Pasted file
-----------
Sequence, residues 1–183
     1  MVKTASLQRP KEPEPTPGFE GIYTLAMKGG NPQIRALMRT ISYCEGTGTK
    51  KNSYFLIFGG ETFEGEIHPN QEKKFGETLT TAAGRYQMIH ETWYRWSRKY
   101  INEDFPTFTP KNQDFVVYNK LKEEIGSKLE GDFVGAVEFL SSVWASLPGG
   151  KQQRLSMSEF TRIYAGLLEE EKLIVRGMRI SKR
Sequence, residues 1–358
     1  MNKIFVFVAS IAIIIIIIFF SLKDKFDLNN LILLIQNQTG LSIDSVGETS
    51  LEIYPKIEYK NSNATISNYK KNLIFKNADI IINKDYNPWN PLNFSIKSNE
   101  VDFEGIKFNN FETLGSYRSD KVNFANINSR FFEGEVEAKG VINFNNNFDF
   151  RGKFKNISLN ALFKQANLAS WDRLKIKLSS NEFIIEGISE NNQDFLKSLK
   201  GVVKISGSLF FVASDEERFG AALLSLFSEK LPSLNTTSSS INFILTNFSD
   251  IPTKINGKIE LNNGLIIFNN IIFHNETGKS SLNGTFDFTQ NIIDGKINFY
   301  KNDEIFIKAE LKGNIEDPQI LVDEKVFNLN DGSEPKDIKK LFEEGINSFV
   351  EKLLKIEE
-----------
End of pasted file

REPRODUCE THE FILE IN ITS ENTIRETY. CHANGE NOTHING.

Sequence, residues 1–183
     1  MVKTASLQRP KEPEPTPGFE GIYTLAMKGG NPQIRALMRT ISYCEGTGTK
    51  KNSYFLIFGG ETFEGEIHPN QEKKFGETLT TAAGRYQMIH ETWYRWSRKY
   101  INEDFPTFTP KNQDFVVYNK LKEEIGSKLE GDFVGAVEFL SSVWASLPGG
   151  KQQRLSMSEF TRIYAGLLEE EKLIVRGMRI SKR
Sequence, residues 1–358
     1  MNKIFVFVAS IAIIIIIIFF SLKDKFDLNN LILLIQNQTG LSIDSVGETS
    51  LEIYPKIEYK NSNATISNYK KNLIFKNADI IINKDYNPWN PLNFSIKSNE
   101  VDFEGIKFNN FETLGSYRSD KVNFANINSR FFEGEVEAKG VINFNNNFDF
   151  RGKFKNISLN ALFKQANLAS WDRLKIKLSS NEFIIEGISE NNQDFLKSLK
   201  GVVKISGSLF FVASDEERFG AALLSLFSEK LPSLNTTSSS INFILTNFSD
   251  IPTKINGKIE LNNGLIIFNN IIFHNETGKS SLNGTFDFTQ NIIDGKINFY
   301  KNDEIFIKAE LKGNIEDPQI LVDEKVFNLN DGSEPKDIKK LFEEGINSFV
   351  EKLLKIEE